CenturyTel, seeking scale, to buy Qwest for $10B+

Apr 22, 2010 By PETER SVENSSON , AP Technology Writer
The Qwest Communications tower is shown in downtown Denver on in this Oct. 29, 2008 file photo. CenturyTel Inc. said Thursday April 22, 2010 that it will buy Qwest Communications International Inc. in a stock swap worth $10.6 billion, creating a telecommunications giant serving customers in 37 states. (AP Photo/David Zalubowski, File)

(AP) -- CenturyTel Inc., the country's fifth-largest local-phone company, plans to buy the third-largest, Qwest Communications International Inc., in a stock deal worth more than $10 billion so the companies can try to better deal with the dark future of the landline phone business.

The number of landlines in the U.S. shrinks by about 10 percent per year as consumers increasingly rely on their wireless phones or service from cable companies. That means a major challenge for phone companies is cutting their costs to keep pace with their dwindling business.

Buying Qwest could give CenturyTel a chance to cut overlapping functions like billing, administration, call centers and back-end services. Other phone companies, mainly rural ones, are also merging for the same reasons.

In a sense, the deal is a way to return to the scale phone companies had before wireless started eviscerating the business. If they combined today, CenturyTel and Qwest would have the same number of phone lines Qwest did on its own eight years ago.

The combined company would have about 17 million phone lines serving customers in 37 states. It would be based at CenturyTel's headquarters in Monroe, La., rather than in Denver, where Qwest is based.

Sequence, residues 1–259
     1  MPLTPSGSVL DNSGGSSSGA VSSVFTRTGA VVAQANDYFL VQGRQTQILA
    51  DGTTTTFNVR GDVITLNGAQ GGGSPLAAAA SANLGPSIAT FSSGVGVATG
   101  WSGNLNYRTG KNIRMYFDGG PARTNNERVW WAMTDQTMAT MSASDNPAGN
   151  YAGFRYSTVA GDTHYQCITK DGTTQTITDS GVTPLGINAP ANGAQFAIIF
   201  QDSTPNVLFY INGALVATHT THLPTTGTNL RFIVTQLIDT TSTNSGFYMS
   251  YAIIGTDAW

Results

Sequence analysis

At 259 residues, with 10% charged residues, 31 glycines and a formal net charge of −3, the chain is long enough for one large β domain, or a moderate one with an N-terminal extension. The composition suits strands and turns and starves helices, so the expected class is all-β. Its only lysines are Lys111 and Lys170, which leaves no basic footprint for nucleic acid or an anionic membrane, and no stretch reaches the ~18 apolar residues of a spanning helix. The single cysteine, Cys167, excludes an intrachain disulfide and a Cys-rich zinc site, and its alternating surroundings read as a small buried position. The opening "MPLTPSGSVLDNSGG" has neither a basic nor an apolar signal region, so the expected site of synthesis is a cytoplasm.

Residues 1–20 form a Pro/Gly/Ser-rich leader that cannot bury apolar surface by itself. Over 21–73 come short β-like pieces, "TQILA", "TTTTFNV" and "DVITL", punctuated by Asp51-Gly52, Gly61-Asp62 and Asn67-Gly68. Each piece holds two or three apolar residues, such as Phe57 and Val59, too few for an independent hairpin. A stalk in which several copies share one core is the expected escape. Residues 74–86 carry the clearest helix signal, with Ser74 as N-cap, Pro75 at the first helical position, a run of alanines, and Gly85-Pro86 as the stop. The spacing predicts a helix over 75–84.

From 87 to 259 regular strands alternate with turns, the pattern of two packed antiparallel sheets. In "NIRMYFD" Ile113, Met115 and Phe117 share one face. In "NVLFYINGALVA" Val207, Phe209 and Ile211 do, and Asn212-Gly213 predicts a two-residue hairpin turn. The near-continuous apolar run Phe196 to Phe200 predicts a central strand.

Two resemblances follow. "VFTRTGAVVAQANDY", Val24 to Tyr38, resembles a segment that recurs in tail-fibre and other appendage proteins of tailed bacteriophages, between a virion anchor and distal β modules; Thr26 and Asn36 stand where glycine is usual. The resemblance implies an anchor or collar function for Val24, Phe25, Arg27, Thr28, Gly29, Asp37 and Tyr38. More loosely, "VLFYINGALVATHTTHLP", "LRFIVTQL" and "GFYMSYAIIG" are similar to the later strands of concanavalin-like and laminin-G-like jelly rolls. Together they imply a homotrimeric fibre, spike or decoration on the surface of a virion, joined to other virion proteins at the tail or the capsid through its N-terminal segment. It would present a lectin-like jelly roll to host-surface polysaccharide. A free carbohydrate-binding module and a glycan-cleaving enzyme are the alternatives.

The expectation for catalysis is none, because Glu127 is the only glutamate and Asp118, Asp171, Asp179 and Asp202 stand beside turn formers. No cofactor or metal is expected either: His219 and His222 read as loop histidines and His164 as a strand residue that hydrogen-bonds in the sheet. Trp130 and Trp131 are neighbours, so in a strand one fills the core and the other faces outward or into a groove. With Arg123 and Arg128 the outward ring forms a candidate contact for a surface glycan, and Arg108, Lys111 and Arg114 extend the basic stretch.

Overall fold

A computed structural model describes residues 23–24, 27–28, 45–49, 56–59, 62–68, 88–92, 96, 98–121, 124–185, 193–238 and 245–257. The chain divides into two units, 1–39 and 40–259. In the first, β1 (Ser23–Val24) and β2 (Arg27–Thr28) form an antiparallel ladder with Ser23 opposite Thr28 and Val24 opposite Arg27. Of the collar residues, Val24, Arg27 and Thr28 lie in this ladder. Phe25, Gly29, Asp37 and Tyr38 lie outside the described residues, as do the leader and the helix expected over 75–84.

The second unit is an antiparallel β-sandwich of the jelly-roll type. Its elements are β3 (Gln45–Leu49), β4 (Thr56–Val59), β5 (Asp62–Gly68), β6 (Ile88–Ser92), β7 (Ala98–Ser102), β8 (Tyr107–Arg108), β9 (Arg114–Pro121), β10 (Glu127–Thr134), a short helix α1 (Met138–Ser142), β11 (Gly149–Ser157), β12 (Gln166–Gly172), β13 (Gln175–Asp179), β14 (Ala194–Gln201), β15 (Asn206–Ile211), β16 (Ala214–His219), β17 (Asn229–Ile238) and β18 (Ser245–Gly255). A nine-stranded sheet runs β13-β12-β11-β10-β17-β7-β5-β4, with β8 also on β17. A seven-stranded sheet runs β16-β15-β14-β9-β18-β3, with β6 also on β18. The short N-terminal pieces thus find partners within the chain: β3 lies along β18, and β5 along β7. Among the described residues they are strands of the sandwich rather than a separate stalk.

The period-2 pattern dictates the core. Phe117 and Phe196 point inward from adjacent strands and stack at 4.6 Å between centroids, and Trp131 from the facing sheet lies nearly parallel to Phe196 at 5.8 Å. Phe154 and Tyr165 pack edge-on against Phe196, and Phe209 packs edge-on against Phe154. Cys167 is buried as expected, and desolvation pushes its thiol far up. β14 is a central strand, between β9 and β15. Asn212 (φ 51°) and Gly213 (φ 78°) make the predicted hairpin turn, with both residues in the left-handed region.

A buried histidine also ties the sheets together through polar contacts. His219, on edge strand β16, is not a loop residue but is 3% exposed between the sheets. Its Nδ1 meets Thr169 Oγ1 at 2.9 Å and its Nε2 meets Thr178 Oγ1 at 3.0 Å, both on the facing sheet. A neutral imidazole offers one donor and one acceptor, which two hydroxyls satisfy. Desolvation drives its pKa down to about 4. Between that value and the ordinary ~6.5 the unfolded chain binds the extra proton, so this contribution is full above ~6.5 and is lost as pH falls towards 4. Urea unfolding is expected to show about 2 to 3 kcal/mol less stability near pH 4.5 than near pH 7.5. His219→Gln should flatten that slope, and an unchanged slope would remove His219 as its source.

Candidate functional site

One big hurdle for the new company would be that neither Qwest nor CenturyTel own wireless networks that can compensate for the loss of landlines, as AT&T Inc. and Verizon Communications Inc. do. Last year, 22.7 percent of homes used only cell phones, according to a survey by the Centers for Disease Control and Prevention.

Another problem could be that the federal government is moving to shift subsidies away from rural phone service and toward broadband lines. Analyst David Dixon at FBR Capital Markets noted that rural phone subsidies are a large source of revenue for CenturyTel.

But Qwest and CenturyTel still hope the acquisition can make the combined company better able to weather the future. Qwest has a large and stable business selling telecommunications services to business and government customers. Together, the companies would be the fifth-largest residential Internet service provider in the country, and both have been upgrading their networks to provide higher speeds, though they are not able to match the latest round of upgrades at cable companies.

Glen Post, the CEO of CenturyTel, said the combined company may also provide TV services over phone lines to compete more aggressively with cable. CenturyTel has started providing TV services on a small scale in some areas. Post would be the CEO of the new company.

The deal would likely lead to job cuts at the companies, which are already shedding positions. The Communications Workers of America, the largest union in the telecommunications industry, said it "looks forward to serious discussions" with both companies. Qwest had 30,138 employees at the end of last year, while CenturyTel had about 20,000.

Qwest provides traditional phone service in 14 mostly Western states. Originally a long-distance and Internet service provider, it bought US West in 2000 in a process that started as a hostile takeover. US West was one of the seven "Baby Bells" formed when the federal government broke up the AT&T monopoly in the 1980s.